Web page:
How to File a Trademark – Part 5

By Drew Stevens - November 9, 2018 - Technology & IP

Whether they’re for your primary business brand name, a slogan for a new marketing campaign, or a new logo for your company, trademarks can be an invaluable part of your intellectual property portfolio. This is part five in our series on how to file a trademark, and picking up from our previous post, we’ll continue to work through an example TEAS RF application. In case you’ve never worked with a Columbus trademark attorney, we’ll run through the types of trademarks, as well as highlighting some notes on specimens.

Page 3: Choose your Trademark Type

The third page of the trademark application will present you with three options for your chosen mark: the standard character mark, the special form mark, or the sound mark.

The key difference between the standard character mark and the special form mark is that the special form mark contains a design or artistic element. In other words, if you’re filing for a trademark for your company’s logo, you want the special form application. If you’re filing for your company name, brand name, or slogan, you probably want the standard character mark application.

If you only have the budget to file one trademark application, it is usually best to file a standard character mark application. With this option, you get broad rights and protection for any use of the mark in various presentations. We’ll continue to work through this example with a standard character mark.

Specimens

In applying for a standard character mark application, keep in mind that you’ll be required to submit specimens—examples—of how you’re using your mark. You generally must submit at least one specimen of the mark being used in commerce, and there are two important things to remember with this.

First, the specimen must be an example of how you are actually using the mark in commerce in public, not just internally. The USPTO frowns upon submitting things like invoices, order forms, brochures, and PR releases as specimens. Instead, tags on products, containers, or examples of packaging are better specimen options.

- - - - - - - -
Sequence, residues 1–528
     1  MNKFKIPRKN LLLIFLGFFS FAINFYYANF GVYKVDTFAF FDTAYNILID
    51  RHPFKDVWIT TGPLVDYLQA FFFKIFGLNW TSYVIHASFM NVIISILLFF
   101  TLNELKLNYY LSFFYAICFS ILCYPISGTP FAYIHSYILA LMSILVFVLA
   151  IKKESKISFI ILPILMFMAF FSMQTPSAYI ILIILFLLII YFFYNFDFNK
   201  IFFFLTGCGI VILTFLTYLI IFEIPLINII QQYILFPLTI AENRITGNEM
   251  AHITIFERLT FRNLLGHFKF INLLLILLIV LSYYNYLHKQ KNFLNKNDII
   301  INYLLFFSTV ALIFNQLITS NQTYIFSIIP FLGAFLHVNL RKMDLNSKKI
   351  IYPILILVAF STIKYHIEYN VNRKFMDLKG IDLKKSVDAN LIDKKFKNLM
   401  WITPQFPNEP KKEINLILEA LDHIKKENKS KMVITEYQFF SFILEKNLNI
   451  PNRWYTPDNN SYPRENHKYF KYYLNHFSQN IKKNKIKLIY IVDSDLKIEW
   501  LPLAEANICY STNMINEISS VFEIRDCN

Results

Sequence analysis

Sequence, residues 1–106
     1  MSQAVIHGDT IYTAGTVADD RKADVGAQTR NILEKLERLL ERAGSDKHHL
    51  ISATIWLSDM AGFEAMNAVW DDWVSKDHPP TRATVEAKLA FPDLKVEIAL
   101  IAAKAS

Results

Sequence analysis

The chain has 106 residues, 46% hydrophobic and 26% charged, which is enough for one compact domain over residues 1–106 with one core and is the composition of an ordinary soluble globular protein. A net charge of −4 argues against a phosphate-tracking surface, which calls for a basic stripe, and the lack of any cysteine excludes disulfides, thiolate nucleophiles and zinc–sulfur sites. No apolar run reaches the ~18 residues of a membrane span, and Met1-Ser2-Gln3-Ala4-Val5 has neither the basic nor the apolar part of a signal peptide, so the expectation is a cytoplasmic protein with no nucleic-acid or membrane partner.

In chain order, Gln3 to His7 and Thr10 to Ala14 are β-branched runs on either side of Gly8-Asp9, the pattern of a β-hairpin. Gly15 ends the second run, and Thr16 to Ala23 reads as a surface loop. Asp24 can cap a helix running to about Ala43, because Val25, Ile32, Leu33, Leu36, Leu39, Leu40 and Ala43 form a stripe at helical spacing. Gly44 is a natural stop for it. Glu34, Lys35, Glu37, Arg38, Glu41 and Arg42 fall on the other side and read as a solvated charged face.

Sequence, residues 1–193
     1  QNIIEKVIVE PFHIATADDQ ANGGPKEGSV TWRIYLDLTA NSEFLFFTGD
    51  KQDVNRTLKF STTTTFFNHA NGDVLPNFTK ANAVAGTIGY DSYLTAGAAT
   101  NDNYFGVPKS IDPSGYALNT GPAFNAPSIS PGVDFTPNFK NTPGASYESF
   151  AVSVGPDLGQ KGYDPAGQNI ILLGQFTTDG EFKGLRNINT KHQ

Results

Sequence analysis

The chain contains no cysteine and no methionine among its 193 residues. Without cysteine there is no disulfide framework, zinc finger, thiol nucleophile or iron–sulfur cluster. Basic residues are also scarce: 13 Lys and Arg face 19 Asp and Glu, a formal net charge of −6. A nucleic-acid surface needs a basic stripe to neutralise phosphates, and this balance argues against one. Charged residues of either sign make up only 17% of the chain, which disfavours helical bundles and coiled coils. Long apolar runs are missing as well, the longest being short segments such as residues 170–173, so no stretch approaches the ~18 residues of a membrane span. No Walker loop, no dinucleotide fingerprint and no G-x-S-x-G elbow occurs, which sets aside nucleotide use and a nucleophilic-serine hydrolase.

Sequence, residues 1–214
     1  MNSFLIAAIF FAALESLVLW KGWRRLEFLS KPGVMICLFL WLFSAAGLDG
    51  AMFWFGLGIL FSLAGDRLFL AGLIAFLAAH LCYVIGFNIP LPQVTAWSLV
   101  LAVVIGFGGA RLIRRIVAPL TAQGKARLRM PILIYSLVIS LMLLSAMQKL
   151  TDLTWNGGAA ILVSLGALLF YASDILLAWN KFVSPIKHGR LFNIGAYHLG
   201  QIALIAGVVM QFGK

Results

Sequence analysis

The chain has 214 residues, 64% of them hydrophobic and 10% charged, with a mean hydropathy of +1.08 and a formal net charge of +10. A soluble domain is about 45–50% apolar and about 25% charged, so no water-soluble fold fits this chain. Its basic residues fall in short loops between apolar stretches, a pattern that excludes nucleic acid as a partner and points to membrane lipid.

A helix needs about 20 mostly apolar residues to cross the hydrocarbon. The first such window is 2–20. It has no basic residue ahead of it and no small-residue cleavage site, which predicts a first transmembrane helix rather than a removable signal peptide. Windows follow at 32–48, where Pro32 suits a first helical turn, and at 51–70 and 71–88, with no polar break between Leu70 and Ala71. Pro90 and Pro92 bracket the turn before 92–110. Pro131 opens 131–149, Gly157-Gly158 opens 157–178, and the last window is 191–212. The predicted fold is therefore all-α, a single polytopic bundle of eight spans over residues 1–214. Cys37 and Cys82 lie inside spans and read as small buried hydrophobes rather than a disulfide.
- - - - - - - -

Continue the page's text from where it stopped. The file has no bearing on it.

The second important component is that the specimen(s) you upload must show a connection between the goods and services description, the internal class you’re registering in, and the mark. If you’re filing for multiple classes, your specimen(s) must demonstrate a relationship with all of the classes. Common specimen refusals include the USPTO deeming the specimen to be mere advertising for goods, the USPTO deeming the specimen to be mere material used to conduct business for goods (see the above comments on invoices and order forms), or the USPTO finding that the specimen fails to make a direct association between the proposed mark and the services or goods.

Finally, don’t forget some of the procedural elements of uploading specimens. The specimen must be in .pdf or .jpg format. Your specimen can be in black and white or color, but if you’re claiming specific colors or a color as a part of the trademark application, the specimen must be in color and showing those colors.

Ultimately, in applying for a standard character mark and submitting accompanying specimens, remember that you want to make your application as easy as possible for the examining attorney to analyze and interpret. Basic organization and presentation with your specimens can aid an application, and if you think you need help with your trademark application, reach out to our Columbus business attorney.

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